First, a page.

And would you look at that, we can now easily see the top 3 running processes currently running on the target device in terms of their current consumption.


Next, we'll take a look at searching for a specific process on the endpoint, "Outlook.exe", which can be done by leveraging the "where" operator which kind of behaves like a filter. We'll also use the "project" operator to determine which entities (columns) should be returned within the results.

Process
| where ProcessName == 'outlook.exe'
| project ProcessId, ProcessName, Path, TotalSizeBytes

And what do you know, it looks like "Outlook.exe" was running on the device with a ProcessId of 18464.


Let's get slightly more clever with our next query. This time, we'll use KQL to "summarize" the active processes on the target device by their "ProcessName", counting how many occurrences of each exist, whilst sorting them in order.

Process
| summarize Count=count() by ProcessName
| order by Count

And there we have it, we can now see how many instances of each "ProcessName" are currently running on the target device, sorted in a descending fashion.


I think that's just about enough of the "Process" property.


WindowsRegistry

Moving onto the "WindowsRegistry" property, we'll now take a look at how this property (table) can be structured and queried. You might have guessed that this property refers to the Windows Registry (regedit). As with all previous queries, this one is no different in that it begins with the "property" that we'd like to query - However, with "WindowsRegistry", we also need to specify a "RegistryKey" to be queried.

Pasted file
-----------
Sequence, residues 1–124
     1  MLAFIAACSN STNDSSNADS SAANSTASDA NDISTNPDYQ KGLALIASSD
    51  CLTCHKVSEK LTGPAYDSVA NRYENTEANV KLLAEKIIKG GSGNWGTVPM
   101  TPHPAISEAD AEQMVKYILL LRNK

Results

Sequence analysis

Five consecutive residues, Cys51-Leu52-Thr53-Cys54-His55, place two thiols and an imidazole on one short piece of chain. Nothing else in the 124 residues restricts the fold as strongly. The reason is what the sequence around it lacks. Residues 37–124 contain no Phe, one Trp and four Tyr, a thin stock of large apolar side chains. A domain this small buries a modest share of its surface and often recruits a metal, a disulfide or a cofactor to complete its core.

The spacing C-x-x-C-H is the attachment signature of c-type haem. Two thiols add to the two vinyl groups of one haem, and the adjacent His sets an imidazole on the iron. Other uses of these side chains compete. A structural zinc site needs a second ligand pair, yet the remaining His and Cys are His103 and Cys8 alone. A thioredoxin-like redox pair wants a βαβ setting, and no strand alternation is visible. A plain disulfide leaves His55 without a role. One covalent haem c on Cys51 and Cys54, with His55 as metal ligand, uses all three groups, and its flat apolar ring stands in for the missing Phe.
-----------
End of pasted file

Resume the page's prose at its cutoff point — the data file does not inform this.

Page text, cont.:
The structure follows this format: - WindowsRegistry('RegistryKey')


In this example, we will query the following Defender for Endpoint key: -"HKEY_LOCAL_MACHINE\SOFTWARE\Policies\Microsoft\Windows Defender\Policy Manager"



Which would look like the below in a Device Query.

WindowsRegistry('HKEY_LOCAL_MACHINE\SOFTWARE\Policies\Microsoft\Windows Defender\Policy Manager')

Have you noticed a trend yet? - Device Query just works, and well. Here, we can see that all values within the specified registry key have been returned along with their details.


If we wanted to focus on one particular value within this registry key instead, we could use the "where" operator to formulate something like this...

WindowsRegistry('HKEY_LOCAL_MACHINE\SOFTWARE\Policies\Microsoft\Windows Defender\Policy Manager') 
| where ValueName == 'AllowCloudProtection'

And just to prove that the data being returned is accurate, this is the same value within the actual registry hive of the endpoint: -



It's around about now that we quickly begin to realise the full potential of Device Query and how powerful it is now and will continue to become.


Let's now adapt the query to only return values within the same registry key that are set to "0", which in this case, translates to the corresponding Defender for Endpoint feature being "disabled".

WindowsRegistry('HKEY_LOCAL_MACHINE\SOFTWARE\Policies\Microsoft\Windows Defender\Policy Manager') 
| where ValueData == '0'


And just as we expected, it did exactly what we asked, and quickly too.


I think it's time to move on to one of my favourite properties so far...


WindowsEvent

This property is one of my favourites so far, using "WindowsEvent" we can live-query the target devices' Event Viewer logs and retrieve real-time data. Similarly to the "WindowsRegistry" property we queried earlier, this property also needs to be structured uniquely.


The structure follows this format: - WindowsEvent('LogName')

In this example, we will query the "Security" Event Viewer log.



Which would look like this in a Device Query: -

WindowsEvent('Security')